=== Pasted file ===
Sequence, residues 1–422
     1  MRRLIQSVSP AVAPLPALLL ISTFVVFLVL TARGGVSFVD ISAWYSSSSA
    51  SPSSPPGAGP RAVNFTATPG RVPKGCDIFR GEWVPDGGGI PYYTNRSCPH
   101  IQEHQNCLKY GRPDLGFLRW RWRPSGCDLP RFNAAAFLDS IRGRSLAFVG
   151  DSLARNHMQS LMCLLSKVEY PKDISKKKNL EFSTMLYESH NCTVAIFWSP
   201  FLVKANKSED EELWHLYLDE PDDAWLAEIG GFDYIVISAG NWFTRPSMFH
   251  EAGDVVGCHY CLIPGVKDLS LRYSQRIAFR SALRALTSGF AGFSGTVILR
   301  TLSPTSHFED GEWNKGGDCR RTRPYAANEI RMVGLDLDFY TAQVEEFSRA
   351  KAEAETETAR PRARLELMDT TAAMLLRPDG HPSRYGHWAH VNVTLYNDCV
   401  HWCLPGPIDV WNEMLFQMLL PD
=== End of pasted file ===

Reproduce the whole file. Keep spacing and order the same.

Sequence, residues 1–422
     1  MRRLIQSVSP AVAPLPALLL ISTFVVFLVL TARGGVSFVD ISAWYSSSSA
    51  SPSSPPGAGP RAVNFTATPG RVPKGCDIFR GEWVPDGGGI PYYTNRSCPH
   101  IQEHQNCLKY GRPDLGFLRW RWRPSGCDLP RFNAAAFLDS IRGRSLAFVG
   151  DSLARNHMQS LMCLLSKVEY PKDISKKKNL EFSTMLYESH NCTVAIFWSP
   201  FLVKANKSED EELWHLYLDE PDDAWLAEIG GFDYIVISAG NWFTRPSMFH
   251  EAGDVVGCHY CLIPGVKDLS LRYSQRIAFR SALRALTSGF AGFSGTVILR
   301  TLSPTSHFED GEWNKGGDCR RTRPYAANEI RMVGLDLDFY TAQVEEFSRA
   351  KAEAETETAR PRARLELMDT TAAMLLRPDG HPSRYGHWAH VNVTLYNDCV
   401  HWCLPGPIDV WNEMLFQMLL PD